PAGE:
The second cause of the decline of academia is the learning process itself which, as I have mentioned earlier, is different from the way we teach. Having designed and secured the curriculum in place, our teaching format is now dictated by the curriculum while the learning process which we humans use requires not an exhaustive presentation of every bit and piece of information about the subject but an overview, rather a bird's eye view of the subject presented to us in a chronological and evolutionary format. With the available overview, we then fill in the details. That is the learning part which our current teaching format deprives us from exercising.

Students thus get bogged down with details which they memorize and regurgitate. Those students who can do it successfully are rewarded and are even called scholars. The real scholars probably are those who refuse to regurgitate and run away from it all. These, unfortunately, we punish by labeling them as drop outs, quitters, incompetents, and even learning disabled and require that they be placed in remedial education for which the school administration can request additional funding. This is a far more serious drain on our limited educational budgets than it appears to be especially when learning disability has not been adequately defined. The current definition in vogue regards any person as learning disabled who has difficulty functioning in a classroom setting. But have we ever questioned the classroom setting. Isn't the classroom setting determined by the curriculum and isn't the prevailing curriculum contrary to the human learning process!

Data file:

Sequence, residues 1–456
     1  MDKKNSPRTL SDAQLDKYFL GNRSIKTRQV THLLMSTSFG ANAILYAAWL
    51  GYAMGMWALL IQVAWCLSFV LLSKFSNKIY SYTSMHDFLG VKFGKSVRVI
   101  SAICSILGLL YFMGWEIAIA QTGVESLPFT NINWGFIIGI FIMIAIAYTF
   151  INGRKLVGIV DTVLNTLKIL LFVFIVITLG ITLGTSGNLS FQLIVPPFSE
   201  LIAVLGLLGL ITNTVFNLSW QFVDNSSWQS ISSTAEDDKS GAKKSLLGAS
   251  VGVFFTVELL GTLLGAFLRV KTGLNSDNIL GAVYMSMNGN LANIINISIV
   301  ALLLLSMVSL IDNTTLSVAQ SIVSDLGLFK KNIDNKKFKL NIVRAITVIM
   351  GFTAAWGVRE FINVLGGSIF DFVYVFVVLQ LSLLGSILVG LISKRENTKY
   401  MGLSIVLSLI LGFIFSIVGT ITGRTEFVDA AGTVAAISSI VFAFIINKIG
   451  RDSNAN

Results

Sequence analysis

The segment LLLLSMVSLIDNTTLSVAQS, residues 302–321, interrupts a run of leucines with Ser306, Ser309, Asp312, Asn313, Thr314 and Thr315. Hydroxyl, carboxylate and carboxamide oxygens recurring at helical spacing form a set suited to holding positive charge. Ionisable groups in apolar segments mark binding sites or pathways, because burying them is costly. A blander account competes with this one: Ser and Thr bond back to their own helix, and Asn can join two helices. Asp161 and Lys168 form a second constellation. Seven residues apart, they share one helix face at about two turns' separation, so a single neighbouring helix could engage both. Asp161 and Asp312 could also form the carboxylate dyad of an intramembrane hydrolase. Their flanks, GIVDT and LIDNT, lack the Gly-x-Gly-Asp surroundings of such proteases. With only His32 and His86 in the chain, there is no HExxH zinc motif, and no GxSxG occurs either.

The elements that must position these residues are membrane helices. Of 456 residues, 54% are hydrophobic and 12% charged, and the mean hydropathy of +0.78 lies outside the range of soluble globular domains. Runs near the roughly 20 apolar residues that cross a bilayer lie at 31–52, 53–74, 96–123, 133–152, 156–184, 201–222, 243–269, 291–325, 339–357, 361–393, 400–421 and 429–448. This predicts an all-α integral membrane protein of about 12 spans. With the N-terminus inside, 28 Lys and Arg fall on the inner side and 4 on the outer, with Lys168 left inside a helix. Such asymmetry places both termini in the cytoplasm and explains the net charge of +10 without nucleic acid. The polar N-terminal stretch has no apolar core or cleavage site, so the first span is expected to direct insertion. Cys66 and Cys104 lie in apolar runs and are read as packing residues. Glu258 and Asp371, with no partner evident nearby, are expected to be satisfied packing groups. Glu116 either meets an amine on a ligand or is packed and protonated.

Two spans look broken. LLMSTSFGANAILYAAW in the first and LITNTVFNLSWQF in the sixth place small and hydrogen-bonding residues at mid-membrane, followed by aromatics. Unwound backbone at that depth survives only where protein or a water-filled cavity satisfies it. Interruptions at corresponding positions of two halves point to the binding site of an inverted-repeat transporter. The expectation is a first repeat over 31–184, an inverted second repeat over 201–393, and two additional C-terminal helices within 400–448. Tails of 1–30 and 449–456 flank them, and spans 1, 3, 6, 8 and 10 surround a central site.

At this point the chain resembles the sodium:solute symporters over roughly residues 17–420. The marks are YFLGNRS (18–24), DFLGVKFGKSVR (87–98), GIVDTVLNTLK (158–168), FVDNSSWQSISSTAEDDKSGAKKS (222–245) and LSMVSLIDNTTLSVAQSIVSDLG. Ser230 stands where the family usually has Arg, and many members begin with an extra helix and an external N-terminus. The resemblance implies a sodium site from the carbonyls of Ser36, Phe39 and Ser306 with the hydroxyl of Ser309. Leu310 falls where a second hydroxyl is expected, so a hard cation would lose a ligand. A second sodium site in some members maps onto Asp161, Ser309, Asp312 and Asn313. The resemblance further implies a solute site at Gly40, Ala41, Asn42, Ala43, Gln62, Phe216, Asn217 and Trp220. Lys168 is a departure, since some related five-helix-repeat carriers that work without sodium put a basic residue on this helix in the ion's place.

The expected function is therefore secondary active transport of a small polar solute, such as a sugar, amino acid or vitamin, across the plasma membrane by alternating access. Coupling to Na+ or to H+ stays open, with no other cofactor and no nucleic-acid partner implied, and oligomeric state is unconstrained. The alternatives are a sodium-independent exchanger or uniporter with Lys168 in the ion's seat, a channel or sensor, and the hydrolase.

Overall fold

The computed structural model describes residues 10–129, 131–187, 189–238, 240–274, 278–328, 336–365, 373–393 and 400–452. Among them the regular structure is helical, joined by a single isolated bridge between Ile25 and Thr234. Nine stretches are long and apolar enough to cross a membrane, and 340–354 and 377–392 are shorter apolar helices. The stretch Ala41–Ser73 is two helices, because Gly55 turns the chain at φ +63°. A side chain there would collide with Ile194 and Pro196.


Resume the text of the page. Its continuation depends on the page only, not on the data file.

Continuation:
Let me illustrate how humans learn by using chess as an example. Teaching people to learn chess by having them memorize the innumerable moves of the masters would drive anyone away from ever getting near a chess board. On the other hand, showing anyone the 7 or 8 rules which form the basis of the chess game and then playing with them one or two games has the potential of producing a few chess masters.